People who have a similar shifts usually vanpool together, according to an Enterprise spokesperson, and the daily ride “provides the opportunity for colleagues to get to know one another better, while saving money and time in their day.” Employers typically line up the van service, and the staff who take advantage of it split the costs and typically rotate the driving responsibilities.

How safe is carpooling?

So just how safe is it to carpool with familiar faces? In this pandemic, there are no easy answers.

“We have to think in terms of degrees of risk rather than a purely safe/unsafe classification,” Jessica Justman, senior technical director at ICAP and associate professor of medicine in epidemiology at Columbia University’s Mailman School of Public Health, tells Quartz in an email. “We already do this kind of risk assessment with other decisions we make all the time. In fact, just getting into a vehicle in the first place entails the risk of being in an accident.”

Before arranging a carpool, she suggests weighing three key considerations: “the necessity/importance of carpooling as the way to get to work, the risk of contracting severe COVID, and who is in the carpooler’s social network and their risk of severe COVID-19.”

Your calculations should also include “the duration of the ride, how well the passenger and driver know each other and know each other’s habits in terms of adherence to mask wearing, social distancing, and recent travel to hot-spot locations,” she says. “Opening the window at least a few inches will help promote more air circulation and reduce risk, but that may be hard to do for long rides on a highway and in cold weather.”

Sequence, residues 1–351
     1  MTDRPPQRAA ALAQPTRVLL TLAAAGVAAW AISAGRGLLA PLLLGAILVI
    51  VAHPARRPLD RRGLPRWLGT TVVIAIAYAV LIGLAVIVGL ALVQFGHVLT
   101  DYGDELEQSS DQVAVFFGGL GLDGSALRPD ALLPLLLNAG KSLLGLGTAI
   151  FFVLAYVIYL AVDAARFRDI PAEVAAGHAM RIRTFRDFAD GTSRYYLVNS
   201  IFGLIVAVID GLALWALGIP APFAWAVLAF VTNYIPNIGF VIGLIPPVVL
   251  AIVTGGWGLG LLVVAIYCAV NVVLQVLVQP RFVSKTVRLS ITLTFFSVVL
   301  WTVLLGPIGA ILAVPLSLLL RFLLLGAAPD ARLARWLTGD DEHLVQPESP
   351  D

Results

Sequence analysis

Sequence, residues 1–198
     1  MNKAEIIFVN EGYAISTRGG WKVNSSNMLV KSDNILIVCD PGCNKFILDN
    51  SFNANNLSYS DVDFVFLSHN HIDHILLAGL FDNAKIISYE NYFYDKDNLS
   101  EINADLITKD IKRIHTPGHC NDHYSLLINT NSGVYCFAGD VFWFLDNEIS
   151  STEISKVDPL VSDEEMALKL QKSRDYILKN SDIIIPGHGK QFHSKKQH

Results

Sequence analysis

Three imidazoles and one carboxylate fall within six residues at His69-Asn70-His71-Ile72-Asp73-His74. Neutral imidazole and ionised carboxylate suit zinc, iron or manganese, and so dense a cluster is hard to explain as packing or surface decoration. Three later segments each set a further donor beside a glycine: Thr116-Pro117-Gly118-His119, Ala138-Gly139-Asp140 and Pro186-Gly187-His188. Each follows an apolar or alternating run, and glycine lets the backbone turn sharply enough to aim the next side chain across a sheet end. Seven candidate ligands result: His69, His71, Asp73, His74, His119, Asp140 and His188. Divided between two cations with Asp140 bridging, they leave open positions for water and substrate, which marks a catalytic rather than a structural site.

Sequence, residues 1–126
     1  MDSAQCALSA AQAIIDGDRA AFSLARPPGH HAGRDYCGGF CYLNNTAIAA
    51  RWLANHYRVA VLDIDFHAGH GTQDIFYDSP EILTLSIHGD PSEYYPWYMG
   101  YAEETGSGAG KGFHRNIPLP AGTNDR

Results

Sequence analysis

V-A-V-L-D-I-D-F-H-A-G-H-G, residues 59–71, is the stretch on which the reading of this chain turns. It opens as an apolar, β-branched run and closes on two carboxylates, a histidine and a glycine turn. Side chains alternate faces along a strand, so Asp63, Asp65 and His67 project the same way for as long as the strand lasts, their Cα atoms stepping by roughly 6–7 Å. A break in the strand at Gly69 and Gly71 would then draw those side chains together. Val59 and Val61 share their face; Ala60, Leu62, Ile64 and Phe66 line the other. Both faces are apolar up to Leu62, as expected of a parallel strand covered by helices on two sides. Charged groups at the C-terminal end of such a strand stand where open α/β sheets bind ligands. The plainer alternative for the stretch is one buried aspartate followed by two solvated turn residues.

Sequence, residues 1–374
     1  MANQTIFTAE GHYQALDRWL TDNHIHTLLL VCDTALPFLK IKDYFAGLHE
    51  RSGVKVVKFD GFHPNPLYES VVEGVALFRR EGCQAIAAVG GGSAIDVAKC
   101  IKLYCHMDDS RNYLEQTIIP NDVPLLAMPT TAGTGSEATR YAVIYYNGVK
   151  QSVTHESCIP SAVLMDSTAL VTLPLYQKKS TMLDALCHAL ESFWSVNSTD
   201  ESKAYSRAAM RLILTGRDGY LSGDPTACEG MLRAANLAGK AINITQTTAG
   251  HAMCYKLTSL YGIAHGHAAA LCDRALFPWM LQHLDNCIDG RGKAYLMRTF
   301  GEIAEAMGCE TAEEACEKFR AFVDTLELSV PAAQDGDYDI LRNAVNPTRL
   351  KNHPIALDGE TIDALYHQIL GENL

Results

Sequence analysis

Companies and websites that encourage carpooling safely recommend the following precautions, drawing on guidelines from the Centers for Disease Control and Prevention and other health officials.

  1. Limit your carpool to two people, including the driver. The passenger should in the back, as far away from the driver as possible.
  2. Stay home if you’re experiencing any symptoms of Covid-19.
  3. Wear masks.
  4. Open the windows to keep the air circulating and disperse any potentially virus-loaded aerosols.
  5. Agree on the rules for carpooling and social distancing before you meet.
  6. Clean and disinfect the high-touch areas of the car after driving.
  7. Use hand sanitizer after touching door handles and other high-touch zones. Then wash your hands for 20 seconds (using regular soap is fine) when you arrive at your destination.

To this list, new research into how talking or singing may be spreading Covid-19-infected aerosols would also suggest keeping chit-chat to a minimum—and, much to James Corden’s disappointment, skipping the carpool karaoke.